Last week, my daughter, a freshman at a Midwestern university, was informed that the spring quarter would be replaced by a remotely conducted quarter. Hundreds of other schools have canceled what remained of their semesters. And there is a long and expanding list of canceled conferences, concerts, shows, parades, and even professional sports leagues. The cause is a new disease, COVID-19, caused by a new virus, SARS-CoV-2. At the moment, it is hard to know whether these responses are warranted. How many people are infected and how many of them will die remain unknown. But enough is known to suggest that fear of the unknown, risk aversion, and acute anxiety are influencing these actions.
COVID-19 was first identified in China in December 2019. The number of cases in China rose rapidly toward 80,000 but, per Chinese-government figures, stabilized by the end of February. The number of new cases began to fall in response to draconian public-health measures, including aggressive identification and isolation of cases and their contacts, quarantines of large cities, and travel restrictions. A similar pattern unfolded in South Korea, which identified its first case on January 20, had an initial rapid rise in cases, and now, following an aggressive program of testing and isolating cases, has seen its number of new cases fall rapidly. Now Europe (especially Italy), Iran, and the U.S. are in the expansion phase. The first U.S. case, a 35-year-old man who had returned from China five days earlier, presented on January 20. As of March 20, 2020, there are about 14,000 reported cases in the U.S. and about 215,000 confirmed COVID-19 cases worldwide. The World Health Organization (WHO) officially declared a worldwide pandemic on March 11.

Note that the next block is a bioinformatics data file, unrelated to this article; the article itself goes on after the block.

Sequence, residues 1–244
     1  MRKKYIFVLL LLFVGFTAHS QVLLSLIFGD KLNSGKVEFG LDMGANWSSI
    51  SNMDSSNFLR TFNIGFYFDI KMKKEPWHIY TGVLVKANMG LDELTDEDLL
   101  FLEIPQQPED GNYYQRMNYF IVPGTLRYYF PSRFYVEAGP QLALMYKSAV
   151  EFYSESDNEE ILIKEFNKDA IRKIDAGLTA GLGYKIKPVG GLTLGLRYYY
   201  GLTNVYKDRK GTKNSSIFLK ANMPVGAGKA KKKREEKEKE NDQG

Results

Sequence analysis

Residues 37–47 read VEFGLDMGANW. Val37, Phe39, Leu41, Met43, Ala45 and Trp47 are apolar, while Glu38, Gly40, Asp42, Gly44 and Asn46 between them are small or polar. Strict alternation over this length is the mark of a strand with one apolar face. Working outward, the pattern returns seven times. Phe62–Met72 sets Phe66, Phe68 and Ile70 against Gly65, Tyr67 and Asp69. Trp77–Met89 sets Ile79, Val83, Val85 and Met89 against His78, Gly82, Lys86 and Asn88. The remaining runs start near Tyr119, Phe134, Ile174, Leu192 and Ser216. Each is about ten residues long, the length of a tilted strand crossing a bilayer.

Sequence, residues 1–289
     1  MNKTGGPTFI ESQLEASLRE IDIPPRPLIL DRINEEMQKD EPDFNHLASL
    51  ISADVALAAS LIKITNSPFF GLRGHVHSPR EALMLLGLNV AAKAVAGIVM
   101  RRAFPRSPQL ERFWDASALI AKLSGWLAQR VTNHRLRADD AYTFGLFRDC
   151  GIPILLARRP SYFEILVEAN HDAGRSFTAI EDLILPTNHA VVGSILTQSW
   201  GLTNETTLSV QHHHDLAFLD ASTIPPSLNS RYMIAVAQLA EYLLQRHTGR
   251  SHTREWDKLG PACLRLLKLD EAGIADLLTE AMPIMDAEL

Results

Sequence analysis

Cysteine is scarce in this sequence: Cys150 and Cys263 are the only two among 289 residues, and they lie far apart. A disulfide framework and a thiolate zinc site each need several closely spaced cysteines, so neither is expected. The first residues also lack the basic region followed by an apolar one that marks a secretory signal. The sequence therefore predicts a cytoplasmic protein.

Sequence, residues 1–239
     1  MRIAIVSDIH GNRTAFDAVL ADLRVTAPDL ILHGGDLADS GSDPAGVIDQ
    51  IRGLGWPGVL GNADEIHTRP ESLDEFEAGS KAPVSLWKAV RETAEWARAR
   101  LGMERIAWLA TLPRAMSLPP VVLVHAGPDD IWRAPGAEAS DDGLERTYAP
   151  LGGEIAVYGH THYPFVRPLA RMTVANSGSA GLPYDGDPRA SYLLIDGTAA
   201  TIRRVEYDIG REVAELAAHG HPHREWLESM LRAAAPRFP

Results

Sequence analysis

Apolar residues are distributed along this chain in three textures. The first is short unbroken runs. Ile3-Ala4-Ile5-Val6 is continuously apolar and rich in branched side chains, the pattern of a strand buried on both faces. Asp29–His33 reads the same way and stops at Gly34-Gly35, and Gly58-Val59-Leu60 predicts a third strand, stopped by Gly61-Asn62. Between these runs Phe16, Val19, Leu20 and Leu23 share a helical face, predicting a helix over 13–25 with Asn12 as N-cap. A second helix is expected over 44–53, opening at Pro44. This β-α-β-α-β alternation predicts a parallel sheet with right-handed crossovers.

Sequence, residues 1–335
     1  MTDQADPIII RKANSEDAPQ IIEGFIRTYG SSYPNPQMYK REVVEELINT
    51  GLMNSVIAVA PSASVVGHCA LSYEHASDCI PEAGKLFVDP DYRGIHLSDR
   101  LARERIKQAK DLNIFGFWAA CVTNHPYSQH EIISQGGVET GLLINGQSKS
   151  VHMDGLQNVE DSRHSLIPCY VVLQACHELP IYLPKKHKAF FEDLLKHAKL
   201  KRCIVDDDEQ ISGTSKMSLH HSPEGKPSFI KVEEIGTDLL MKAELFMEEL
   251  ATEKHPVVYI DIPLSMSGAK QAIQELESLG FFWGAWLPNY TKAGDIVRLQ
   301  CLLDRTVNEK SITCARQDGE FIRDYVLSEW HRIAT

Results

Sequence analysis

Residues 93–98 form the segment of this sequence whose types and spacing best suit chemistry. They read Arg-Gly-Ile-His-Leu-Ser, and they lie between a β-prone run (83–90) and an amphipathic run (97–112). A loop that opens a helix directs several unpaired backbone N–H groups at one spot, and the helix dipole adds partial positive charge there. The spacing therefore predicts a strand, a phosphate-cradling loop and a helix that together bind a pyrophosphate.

How scared should we be of COVID-19? The answer depends on determining how many people are actually infected and what the case fatality rate — the number of deaths from the disease divided by the number of diagnosed cases — is. The COVID-19 virus appears to be readily transmissible between people. But determining the number of cases is difficult because the typical COVID-19 symptoms — cough, fever, fatigue — are similar to other illnesses, such as the flu, that are prevalent this time of year. Moreover, 80 percent of cases have only mild to moderate symptoms and do not attract medical attention. Even in South Korea, which has the world’s most aggressive testing regime, only a small fraction of the population has undergone laboratory testing for the virus. Deaths from COVID-19 (the numerator) are far easier to count than cases (the denominator). If the number of cases in the denominator is too low, the case–fatality ratio will be too high.
While early estimates of the COVID-19 fatality rate were quite high, a recent Chinese report put the fatality rate at 1.4 percent of hospitalized patients. These are more severely ill than the general patient who is not sick enough to be hospitalized or even need medical attention, so the number for all patients should be lower. The latest fatality estimate from South Korea is 0.9 percent. But this too is likely to fall as the outbreak evolves and a more accurate account of Korean cases is obtained. That is the usual pattern in epidemic infections. In the 2009 H1N1 pandemic influenza outbreak, for instance, the initial case–fatality estimate was 1 percent. As time passed and we obtained a more accurate case count, the U.S. rate fell to 0.02 percent. At this still early stage of the pandemic, uncertainty remains. The fatality rates in Italy and Japan, both countries with elderly populations, are reported to be near 8 percent and 3 percent, respectively. Germany, in contrast, has a rate of 0.2 percent.
Read the full article at National Review.